Edward Pentin reporting from Rome
— Stunned but elated can best describe the mood in St. Peter's Square as the name of Jesuit Cardinal Jorge Mario Bergoglio was announced from the loggia of the basilica.
Few of the 100,000-strong crowd who had gathered to welcome the new pontiff were expecting the Argentine cardinal to become Pope in this election. Most observers predicted a younger, more dynamic cardinal, though some had felt Bergoglio had a fair chance, having come second in the conclave of 2005.
But with shouts of “Fran-ces-co” from the Roman crowd, many Italians have already taken him to their hearts, helped by the fact that he has Italian ancestry.
The surprise election also wasn't lost on the Vatican's Jesuit spokesman, the Rev. Federico Lombardi, who knows him, though not well. “I'm in shock,” he told reporters shortly after the election. “I'm shocked that he is from Latin America, and by his name.”
Pope Francis I is the first Jesuit to be elected Pope in the order's history, the first Pope from the Americas, and the first pontiff to take the name Francis. It's surprising that a Jesuit has been elected because members of the Society of Jesus are called to be servants of God, but not to be in such authoritative conditions, Lombardi said. “I find it a little strange to have a Jesuit as Pope,” he said, but was clearly moved and delighted by the news.
Lombardi also thought the name appropriate — after St. Francis of Assisi — because Jesuits “serve the Church” like the medieval saint. “It's beautiful that he asked the people to pray for him and bowed to receive their blessing before blessing them,” the Jesuit spokesman added.
Pope Francis I telephoned the Pope Emeritus, Benedict XVI, Wednesday evening and will visit him soon at the papal summer residence where the former Pope is living. The new Pope will celebrate the Angelus on Sunday, and will have an audience with journalists at the Vatican on Sunday morning. Thursday he will celebrate his first Mass with cardinals, and his inauguration Mass is expected to take place Tuesday in St. Peter's Basilica.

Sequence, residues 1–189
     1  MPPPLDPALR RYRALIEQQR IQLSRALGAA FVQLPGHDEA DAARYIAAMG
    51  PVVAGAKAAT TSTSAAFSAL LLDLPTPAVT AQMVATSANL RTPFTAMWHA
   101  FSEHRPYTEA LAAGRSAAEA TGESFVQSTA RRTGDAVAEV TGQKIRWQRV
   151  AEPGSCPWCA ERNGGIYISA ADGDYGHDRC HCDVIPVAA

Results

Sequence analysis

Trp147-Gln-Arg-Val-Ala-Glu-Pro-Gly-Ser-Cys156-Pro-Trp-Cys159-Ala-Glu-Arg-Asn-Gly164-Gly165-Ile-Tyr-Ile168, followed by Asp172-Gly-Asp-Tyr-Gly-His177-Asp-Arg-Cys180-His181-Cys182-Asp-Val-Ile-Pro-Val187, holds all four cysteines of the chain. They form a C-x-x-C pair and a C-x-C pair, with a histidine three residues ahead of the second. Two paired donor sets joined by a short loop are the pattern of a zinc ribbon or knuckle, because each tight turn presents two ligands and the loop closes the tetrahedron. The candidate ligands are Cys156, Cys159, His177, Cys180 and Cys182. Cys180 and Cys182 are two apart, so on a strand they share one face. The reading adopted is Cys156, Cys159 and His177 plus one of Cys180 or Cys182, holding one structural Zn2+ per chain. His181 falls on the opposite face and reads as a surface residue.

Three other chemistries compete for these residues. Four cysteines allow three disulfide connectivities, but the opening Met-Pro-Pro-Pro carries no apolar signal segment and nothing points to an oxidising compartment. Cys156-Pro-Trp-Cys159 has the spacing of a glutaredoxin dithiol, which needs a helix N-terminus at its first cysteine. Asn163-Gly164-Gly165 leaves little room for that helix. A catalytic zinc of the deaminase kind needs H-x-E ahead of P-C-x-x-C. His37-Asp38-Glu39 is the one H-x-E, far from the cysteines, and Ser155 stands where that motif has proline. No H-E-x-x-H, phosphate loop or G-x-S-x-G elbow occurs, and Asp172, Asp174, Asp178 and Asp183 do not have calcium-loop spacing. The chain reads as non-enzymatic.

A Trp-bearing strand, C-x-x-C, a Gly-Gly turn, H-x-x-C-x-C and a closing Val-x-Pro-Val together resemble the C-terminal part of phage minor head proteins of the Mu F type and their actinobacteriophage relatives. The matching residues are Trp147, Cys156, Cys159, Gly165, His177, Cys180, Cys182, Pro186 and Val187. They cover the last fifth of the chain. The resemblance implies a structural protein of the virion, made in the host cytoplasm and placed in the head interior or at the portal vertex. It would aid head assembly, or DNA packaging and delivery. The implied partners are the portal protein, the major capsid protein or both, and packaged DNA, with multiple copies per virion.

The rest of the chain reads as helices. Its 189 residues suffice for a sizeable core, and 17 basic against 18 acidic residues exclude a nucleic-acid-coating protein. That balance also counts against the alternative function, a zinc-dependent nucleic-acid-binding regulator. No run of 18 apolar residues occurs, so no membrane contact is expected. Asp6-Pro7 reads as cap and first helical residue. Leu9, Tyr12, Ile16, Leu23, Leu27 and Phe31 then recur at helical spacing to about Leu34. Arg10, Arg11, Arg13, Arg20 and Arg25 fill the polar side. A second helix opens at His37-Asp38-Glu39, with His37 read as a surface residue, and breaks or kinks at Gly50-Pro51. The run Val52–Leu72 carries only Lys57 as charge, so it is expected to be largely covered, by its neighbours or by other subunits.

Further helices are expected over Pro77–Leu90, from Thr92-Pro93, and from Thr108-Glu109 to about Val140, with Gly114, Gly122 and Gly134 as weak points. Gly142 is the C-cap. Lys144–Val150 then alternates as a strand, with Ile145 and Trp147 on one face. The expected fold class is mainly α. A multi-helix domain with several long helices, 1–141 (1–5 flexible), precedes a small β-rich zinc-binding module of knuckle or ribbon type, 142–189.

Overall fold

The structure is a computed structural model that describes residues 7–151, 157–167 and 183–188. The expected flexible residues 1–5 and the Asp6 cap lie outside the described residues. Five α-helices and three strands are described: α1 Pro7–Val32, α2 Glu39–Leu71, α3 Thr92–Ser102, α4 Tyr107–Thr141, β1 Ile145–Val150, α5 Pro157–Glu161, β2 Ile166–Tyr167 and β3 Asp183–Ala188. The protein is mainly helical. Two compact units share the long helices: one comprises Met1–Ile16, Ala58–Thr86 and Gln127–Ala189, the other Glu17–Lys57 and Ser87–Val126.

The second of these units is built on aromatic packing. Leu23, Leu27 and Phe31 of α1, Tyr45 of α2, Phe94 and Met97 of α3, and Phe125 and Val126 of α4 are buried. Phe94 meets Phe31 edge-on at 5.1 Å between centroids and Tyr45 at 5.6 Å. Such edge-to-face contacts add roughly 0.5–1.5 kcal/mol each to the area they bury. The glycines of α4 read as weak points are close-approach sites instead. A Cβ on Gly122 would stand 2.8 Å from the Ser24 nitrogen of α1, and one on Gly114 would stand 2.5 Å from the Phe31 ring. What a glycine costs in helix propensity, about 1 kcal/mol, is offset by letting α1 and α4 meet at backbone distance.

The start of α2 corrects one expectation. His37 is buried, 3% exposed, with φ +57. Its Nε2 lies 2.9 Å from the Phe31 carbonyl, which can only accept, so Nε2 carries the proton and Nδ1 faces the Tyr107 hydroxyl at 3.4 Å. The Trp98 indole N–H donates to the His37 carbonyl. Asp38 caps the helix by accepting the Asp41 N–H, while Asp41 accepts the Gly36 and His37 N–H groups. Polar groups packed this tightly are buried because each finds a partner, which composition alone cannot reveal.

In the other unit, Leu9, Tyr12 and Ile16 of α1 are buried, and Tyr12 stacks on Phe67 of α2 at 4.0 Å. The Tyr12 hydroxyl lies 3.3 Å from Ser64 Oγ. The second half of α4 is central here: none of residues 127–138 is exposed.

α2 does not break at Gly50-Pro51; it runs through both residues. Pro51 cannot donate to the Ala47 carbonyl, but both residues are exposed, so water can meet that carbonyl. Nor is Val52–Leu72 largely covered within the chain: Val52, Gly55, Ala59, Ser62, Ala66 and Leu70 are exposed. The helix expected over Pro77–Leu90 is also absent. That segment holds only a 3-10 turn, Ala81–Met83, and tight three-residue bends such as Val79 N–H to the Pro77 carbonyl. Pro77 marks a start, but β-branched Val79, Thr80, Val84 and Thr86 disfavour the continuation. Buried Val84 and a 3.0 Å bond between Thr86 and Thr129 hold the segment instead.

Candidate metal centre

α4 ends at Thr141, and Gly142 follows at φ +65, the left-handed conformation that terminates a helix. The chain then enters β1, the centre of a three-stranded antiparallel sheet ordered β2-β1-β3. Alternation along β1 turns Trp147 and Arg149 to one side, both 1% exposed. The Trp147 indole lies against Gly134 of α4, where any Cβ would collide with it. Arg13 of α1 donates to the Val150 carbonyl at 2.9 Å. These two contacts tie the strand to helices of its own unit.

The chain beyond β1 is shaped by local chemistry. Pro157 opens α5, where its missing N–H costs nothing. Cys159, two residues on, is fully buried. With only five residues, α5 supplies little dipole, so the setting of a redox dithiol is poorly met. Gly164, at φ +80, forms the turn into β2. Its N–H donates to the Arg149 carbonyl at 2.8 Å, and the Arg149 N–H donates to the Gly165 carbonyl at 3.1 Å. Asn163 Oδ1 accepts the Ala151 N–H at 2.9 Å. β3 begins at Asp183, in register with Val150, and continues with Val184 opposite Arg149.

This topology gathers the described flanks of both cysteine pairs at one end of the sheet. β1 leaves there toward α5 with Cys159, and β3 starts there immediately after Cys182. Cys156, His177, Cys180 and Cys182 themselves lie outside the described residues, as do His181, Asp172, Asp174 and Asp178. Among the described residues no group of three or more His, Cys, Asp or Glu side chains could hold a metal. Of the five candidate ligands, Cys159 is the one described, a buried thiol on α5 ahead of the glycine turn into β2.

The initial response from conservative and progressive wings of the Church has generally been positive, despite Cardinal Bergoglio being held up as the flag-bearer for the liberal wing of the Church in the 2005 election.
A man of deep simplicity and humility, as Archbishop of Buenos Aires, Pope Francis I used to cook for himself, ride buses to work, and cared for a disabled priest in addition to all his other duties. But he also made a point of never wanting to live in the Vatican and wished to stay in his homeland.
“If we thought Benedict was an introvert, we all need to be prepared for the real thing now,” Roger McCaffrey, a veteran Church observer and publisher of The Traditionalist magazine, told Newsmax.
But as head of the Jesuit province in Argentina from 1973 to 1979, Bergoglio was known for being a tough administrator and for “cleaning house” — something the cardinal electors are likely to have noticed in their deliberations, given the need to reform the Roman Curia.
He has been strongly pro-life, describing the pro-choice movement as a “culture of death,” opposed the free distribution of contraceptives in Argentina, staunchly defended the rights of the poor, and has spoken out strongly against same-sex marriage.
In 2010, he firmly opposed a bill giving same-sex couples the opportunity to marry and adopt children, saying it would “seriously damage the family.” He made the statement in a letter addressed to each of the four monasteries in Argentina, asking the contemplatives to pray “fervently” that legislators be strengthened to do the right thing.
“At stake is the identity and survival of the family: father, mother and children,” he wrote. “At stake are the lives of many children who will be discriminated against in advance, and deprived of their human development given by a father and a mother and willed by God. At stake is the total rejection of God’s law engraved in our hearts.”
The new Pope will be facing many competing challenges when he takes up residence in the Apostolic Palace, such as the increase in secularism. He will have to confront the sexual abuse crisis, and the possibility that more cases will come to light in countries that have so far escaped notice.
Pope Francis will also have a host of other challenges to face: protecting and promoting religious freedom in the Middle East, India and China, not to mention conscience rights in the United States and Europe. In his own Latin America, he will have to contend with the loss of Church members to Pentecostal sects. In Africa and Asia, where the Church is expanding rapidly, he will face the challenges of the effects of poverty, globalization, and inculturation.
On the ecumenical front, the new pontiff can be expected to continue work on improving relations with the Orthodox, Anglicans, and Jews, while continuing Benedict’s work in inter-religious dialogue, particularly with Islam.
Edward Pentin began reporting on the Vatican as a correspondent with Vatican Radio in 2002. He has covered the Pope and the Holy See for a number of publications, including Newsweek and The Sunday Times. Read more reports from Edward Pentin — Click Here Now.
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